Introduction to AA

Introduction to AA for Alcoholism Recovery

The most widely attended self-help program for alcoholism recovery is the Alcoholics Anonymous (AA) twelve-step program. People who struggle with addictions of all kinds have found support and help in recovery. Families and friends of loved ones with addiction have also benefited from a variety of 12 step programs. Learn more about the steps and how it supports people through recovery.


Step 1: Admit Powerlessness Over Addiction

Change is not possible until a person accepts the current way of living is not sustainable. Healing begins when one admits the necessity for change.


Step 2: Believe a Greater Power Can Restore Sanity

Life comes with variable stresses but a higher power that cares about a person’s wellbeing can take the onus of control away from the individual which opens the door for the next steps.


Step 3: Turn Will to Care of God as One Understands Him

People who struggle with this step wrestle with controlling the outcomes of one’s life. Spirituality comes in many shapes and forms which is important to remember on this personal journey of recovery.


Step 4: Make a Personal Inventory

Creating a list of resentments, people harmed, character deficits and assets opens the door for honest reflection on the past. Doing this step can support one to feel free of secrets which leads to greater self awareness.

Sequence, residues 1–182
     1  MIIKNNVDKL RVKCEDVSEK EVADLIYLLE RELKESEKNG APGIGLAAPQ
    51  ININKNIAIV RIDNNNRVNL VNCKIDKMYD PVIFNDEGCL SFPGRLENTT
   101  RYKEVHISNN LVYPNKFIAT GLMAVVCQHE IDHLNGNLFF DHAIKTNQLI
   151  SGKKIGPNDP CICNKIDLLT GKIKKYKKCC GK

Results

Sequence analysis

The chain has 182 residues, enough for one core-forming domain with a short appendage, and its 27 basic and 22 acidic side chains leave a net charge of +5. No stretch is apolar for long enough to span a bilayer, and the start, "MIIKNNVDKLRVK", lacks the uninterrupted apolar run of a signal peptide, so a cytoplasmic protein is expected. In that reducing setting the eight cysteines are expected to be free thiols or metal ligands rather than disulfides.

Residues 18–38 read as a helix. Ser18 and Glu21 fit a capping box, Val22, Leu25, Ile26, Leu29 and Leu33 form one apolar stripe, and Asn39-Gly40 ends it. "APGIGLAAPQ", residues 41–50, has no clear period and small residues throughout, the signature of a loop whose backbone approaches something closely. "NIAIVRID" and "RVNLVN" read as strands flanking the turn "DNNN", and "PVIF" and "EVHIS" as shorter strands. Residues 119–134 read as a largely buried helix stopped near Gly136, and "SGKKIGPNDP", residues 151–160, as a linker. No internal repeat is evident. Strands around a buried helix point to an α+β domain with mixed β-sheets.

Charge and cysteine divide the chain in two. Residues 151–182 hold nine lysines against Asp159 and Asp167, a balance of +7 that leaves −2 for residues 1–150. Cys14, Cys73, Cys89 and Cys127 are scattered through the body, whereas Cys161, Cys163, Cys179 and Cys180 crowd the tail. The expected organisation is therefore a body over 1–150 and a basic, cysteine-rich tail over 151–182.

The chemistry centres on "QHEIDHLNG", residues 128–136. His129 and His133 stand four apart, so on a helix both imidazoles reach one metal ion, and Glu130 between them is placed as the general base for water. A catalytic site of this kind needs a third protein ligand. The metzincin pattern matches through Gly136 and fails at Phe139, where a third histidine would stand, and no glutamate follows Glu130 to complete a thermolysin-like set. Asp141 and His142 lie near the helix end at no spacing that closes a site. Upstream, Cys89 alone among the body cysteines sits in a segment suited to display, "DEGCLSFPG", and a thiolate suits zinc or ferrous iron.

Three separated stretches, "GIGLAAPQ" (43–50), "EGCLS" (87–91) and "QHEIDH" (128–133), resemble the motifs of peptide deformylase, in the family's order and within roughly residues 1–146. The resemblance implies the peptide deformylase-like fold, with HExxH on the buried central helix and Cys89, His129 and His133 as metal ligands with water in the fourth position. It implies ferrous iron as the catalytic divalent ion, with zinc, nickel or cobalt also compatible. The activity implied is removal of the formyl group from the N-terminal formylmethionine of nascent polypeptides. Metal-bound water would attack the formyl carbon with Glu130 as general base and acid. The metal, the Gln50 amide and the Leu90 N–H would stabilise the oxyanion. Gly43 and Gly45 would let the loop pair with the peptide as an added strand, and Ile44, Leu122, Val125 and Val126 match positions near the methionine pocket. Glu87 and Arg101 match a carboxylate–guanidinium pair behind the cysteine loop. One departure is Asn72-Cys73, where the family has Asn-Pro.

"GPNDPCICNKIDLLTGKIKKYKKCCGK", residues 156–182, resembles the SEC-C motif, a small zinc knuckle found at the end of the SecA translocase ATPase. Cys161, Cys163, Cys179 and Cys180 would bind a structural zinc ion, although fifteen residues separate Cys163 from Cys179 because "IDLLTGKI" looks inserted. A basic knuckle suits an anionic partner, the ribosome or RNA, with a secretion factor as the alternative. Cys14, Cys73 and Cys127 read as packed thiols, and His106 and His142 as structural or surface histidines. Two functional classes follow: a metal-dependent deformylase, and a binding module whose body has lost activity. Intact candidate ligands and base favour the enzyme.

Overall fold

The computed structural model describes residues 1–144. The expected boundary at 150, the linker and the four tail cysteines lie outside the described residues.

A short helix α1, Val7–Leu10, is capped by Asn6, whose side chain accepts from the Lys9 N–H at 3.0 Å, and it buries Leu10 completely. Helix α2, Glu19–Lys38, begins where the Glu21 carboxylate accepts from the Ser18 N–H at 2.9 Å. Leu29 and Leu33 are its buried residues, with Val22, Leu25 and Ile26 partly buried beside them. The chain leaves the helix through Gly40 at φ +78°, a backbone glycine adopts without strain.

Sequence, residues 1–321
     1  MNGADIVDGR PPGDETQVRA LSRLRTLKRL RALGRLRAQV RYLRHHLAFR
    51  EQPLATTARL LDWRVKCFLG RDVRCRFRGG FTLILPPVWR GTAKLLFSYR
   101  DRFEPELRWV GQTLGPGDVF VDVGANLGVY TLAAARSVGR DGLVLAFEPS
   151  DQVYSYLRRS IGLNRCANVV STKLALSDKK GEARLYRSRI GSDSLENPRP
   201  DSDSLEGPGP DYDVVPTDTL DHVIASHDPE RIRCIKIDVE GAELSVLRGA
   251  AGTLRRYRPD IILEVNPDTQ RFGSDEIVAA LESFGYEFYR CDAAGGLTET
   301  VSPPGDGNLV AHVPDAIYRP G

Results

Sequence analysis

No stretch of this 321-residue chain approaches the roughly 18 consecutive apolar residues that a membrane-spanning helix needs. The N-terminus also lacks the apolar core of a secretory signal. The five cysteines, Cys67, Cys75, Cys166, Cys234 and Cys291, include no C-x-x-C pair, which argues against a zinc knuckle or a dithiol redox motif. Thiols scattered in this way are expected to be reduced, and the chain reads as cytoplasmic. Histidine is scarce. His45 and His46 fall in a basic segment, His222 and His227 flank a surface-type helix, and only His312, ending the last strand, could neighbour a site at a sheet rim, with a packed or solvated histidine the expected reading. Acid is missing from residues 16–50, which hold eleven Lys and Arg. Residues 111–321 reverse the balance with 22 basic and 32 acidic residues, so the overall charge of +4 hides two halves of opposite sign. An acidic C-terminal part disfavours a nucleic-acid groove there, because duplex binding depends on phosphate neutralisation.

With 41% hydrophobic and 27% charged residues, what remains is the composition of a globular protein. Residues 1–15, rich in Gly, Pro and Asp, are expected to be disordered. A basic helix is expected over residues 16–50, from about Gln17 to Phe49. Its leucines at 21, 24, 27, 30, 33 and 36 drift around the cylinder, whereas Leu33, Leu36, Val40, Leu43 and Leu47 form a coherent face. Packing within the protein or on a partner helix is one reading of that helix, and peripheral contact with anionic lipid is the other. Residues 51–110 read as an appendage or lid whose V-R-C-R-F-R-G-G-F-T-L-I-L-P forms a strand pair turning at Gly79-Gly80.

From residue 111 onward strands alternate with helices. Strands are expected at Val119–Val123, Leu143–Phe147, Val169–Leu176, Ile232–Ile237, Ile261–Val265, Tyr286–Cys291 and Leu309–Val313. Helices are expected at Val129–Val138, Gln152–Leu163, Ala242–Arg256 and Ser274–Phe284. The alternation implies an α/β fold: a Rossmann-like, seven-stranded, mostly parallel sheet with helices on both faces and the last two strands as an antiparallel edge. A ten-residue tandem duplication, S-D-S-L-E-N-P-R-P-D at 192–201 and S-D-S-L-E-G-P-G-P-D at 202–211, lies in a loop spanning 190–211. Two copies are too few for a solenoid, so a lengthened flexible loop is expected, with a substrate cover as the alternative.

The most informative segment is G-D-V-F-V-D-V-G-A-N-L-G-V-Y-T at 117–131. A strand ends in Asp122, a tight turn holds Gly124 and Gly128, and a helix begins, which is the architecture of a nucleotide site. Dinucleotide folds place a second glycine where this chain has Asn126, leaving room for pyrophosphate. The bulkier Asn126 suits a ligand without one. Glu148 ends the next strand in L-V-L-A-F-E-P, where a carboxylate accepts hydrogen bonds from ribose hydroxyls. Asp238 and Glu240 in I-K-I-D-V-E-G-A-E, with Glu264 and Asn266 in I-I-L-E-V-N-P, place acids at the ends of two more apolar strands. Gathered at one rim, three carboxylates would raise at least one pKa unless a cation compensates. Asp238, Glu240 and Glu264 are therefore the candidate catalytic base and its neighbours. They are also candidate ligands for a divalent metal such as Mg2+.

Step 5: Admission of Wrongs to Others

A sponsor, coach or other person can listen without judgment while supporting a person to be open and honest about addiction.


Step 6: Ready for God to Remove Character Defects

This step helps a person open up to change by releasing oneself of defects which are holding a person back from progress in recovery.


Step 7: Ask Him to Remove Shortcomings

Asking God or a Higher Power to remove character deficits builds understanding and humility of one’s own powerlessness over addiction.


Step 8: List People Harmed and Be Willing to Make Amends

Through acknowledgement of pain caused, forgiveness can begin for oneself and others by taking ownership of one’s behavior and making amends.


Step 9: Make Amends to Others

Making amends starts with a list of people harmed (created in Step 8) which can include restitution for financial wrongdoing or changing one’s behavior.


Step 10: Make an Inventory and Admit When Wrong

Daily examination of one’s behavior is important in allowing a person to engage in self-reflection by noticing wrongs as they come up to fix the situation without resentment and anger which can trigger a relapse.


Step 11: Practice Prayer and Meditation to Improve One’s Relationship with a Higher Power

Regular attendance at church, daily meditation or prayer and reading AA literature are examples of deepening one’s daily spiritual connection to build a positive way of living.


Step 12: Carry the Message to Others and Continue to Live the Principles

Sponsorship, helping at meetings or serving in some way builds on all the principles of AA which supports others in positive personal growth.


The Villa Treatment Center provides treatment and resources for individuals struggling with addiction. Call today to find out how to get started on the road to recovery.